There’s a line I like to use a lot when I’m responding to people who expect Apple to release low-cost products that appeal to the widest swath of the masses: “Apple’s never going to be the low-price leader.” While people frequently complain about the prices of Apple products, in general, they confuse being unwilling to reach down to the lowest price categories with being a bad value.
Yes, you might pay a little more for an Apple product than a product from the competition–but you also get more. Still, there’s no denying that Apple’s products are on the pricey side. As it has become one of the most profitable and valuable companies in the world, its skill in maximizing revenue growth has served it well.
But as Apple sees slowing revenue growth in most of its product categories, I have to wonder just how willing Apple might be to raise prices on its products in order to wring even more money out of its customers. The recently increasing strength of the dollar has given Apple an opportunity to experiment with what happens when the price of Apple products increases.
You’d think that a strong dollar would be good for an American company like Apple. But while a strong dollar is good for American tourists–look, the entire U.K. is having a sale!–it’s actually bad for companies like Apple, who sell consumer products in other countries. As long as the prices in other countries remain the same, it means Apple is making less money in dollars on every sale.
Here in the U.S., Apple’s prices have remained remarkably stable. But elsewhere in the world, they’re on the upswing. “When we launch new products… we look at the [foreign-exchange] situation, and in some cases… customers in international markets saw some price increases when we launched new products, which is not something that U.S. customers have seen,” Apple CFO Luca Maestri said last week during Apple’s Q4 2022 financial report. “And that’s unfortunately the situation that we are in right now with the strong dollar.”
So people outside the U.S., already used to Apple products being a bit on the pricey side, are now finding them even more expensive. This is Apple’s price-increase laboratory. In order to maintain its profit margins, the company increases the prices in various countries–and then watches to see how the market reacts.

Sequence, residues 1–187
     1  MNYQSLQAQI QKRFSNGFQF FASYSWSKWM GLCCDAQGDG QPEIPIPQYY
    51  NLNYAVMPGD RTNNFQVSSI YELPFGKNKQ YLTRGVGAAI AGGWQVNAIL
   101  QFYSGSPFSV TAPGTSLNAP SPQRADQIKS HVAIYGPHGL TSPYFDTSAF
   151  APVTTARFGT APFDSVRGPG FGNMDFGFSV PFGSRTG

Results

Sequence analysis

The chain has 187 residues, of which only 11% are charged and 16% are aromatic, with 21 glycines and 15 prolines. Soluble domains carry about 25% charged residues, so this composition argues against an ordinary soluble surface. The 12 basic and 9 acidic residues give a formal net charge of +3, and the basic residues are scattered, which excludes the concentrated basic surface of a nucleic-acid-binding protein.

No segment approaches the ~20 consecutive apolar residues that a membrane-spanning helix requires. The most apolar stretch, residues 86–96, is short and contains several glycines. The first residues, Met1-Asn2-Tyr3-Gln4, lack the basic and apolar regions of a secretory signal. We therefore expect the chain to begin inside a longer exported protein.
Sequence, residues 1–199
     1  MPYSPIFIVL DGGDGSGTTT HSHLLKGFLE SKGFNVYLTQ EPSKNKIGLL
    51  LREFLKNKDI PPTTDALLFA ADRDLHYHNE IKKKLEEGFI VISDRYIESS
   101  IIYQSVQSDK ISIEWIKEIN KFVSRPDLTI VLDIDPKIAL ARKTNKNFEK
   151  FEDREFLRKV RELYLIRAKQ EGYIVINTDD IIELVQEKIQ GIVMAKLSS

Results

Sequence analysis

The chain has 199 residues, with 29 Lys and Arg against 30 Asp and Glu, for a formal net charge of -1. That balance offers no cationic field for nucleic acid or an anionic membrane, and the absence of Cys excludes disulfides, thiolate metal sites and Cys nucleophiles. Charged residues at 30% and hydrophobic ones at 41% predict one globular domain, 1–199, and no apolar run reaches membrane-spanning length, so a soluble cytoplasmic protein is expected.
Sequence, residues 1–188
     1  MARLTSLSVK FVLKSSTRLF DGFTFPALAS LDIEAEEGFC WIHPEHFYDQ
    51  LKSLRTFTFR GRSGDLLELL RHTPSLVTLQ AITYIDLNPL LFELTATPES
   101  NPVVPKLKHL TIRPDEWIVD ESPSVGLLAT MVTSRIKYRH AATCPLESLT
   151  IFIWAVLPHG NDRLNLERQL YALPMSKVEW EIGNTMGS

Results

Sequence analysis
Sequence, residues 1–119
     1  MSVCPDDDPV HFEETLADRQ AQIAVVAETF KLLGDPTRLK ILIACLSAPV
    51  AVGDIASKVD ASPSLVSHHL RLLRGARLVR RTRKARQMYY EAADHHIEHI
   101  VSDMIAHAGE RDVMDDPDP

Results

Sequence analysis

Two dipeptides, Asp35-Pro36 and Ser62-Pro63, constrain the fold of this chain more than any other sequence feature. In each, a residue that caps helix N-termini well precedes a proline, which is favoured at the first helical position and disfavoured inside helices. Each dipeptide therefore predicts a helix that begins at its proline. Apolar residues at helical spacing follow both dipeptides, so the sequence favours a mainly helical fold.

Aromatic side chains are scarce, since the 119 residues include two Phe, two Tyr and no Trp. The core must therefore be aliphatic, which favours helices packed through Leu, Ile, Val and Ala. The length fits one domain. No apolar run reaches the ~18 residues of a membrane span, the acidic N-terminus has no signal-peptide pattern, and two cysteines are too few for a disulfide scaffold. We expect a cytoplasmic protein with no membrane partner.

The results are bad news if you value your bank account.
Inelastic, not fantastic
What Apple seems to have found, according to Maestri, is a remarkable inelasticity in demand for Apple products.
“One of the things that we’ve really appreciated… was the fact that in spite of this very strong dollar and the difficult [foreign-exchange] environment, we have seen very strong performance in many international markets, particularly some very large emerging markets,” Maestri said. “It’s important for us to look at how these markets perform in local currency because it really gives us a good sense for the customer response to our products, the engagement with our ecosystem, and in general, the strength of the brand. And I have to say, in that respect, we feel very, very good about the progress that we are making in a lot of markets around the world.
Let me rephrase that, just to be clear: In many international markets (Maestri specifically cited India, Indonesia, Mexico, and Vietnam), Apple has raised prices, and the company still seems thrilled with the response. The stuff is still selling, and more than before.
Sure, maybe in emerging markets, Apple’s price increases are met with a shrug because it’s appealing to the most wealthy people in those countries, and there’s a limited supply of those. But maybe it also reveals something about Apple’s brand and people’s willingness to spend more to get Apple products. Sure, Apple’s products are pricey now–but if they were even more expensive, would we still buy them? Early results say yes.
You’re gonna pay, Pro
Tim Cook’s Apple is a remarkably relentless moneymaking machine. As a result, I fully expect that Apple will continue to raise prices–but it will concentrate most of it at the high end of the market. Apple has been pushing up the price of the MacBook Pro and the iPad Pro, and the iPhone Pro, and I suspect that will continue.
However, while Apple will never be the low-price leader, I do think Apple is very much aware that there are entry-level price points it needs to hit, and it needs to provide value at those prices. This is why the M1 MacBook Air and the ninth-generation iPad, and the iPhone 13 are still for sale, even though they’ve been replaced by newer models. Modern Apple knows how to grow its revenue by offering cutting-edge designs at high prices and last year’s model for a bargain rate.
But it’s hard to look at Apple’s continued success in markets where it keeps charging more and more and not imagine that the company will change its approach. In the future, expect more expensive, high-end products–the recent rumors of new 14- and 16-inch iPad models are a good indication of that–alongside choices that provide value at the expense of a little power or elegance.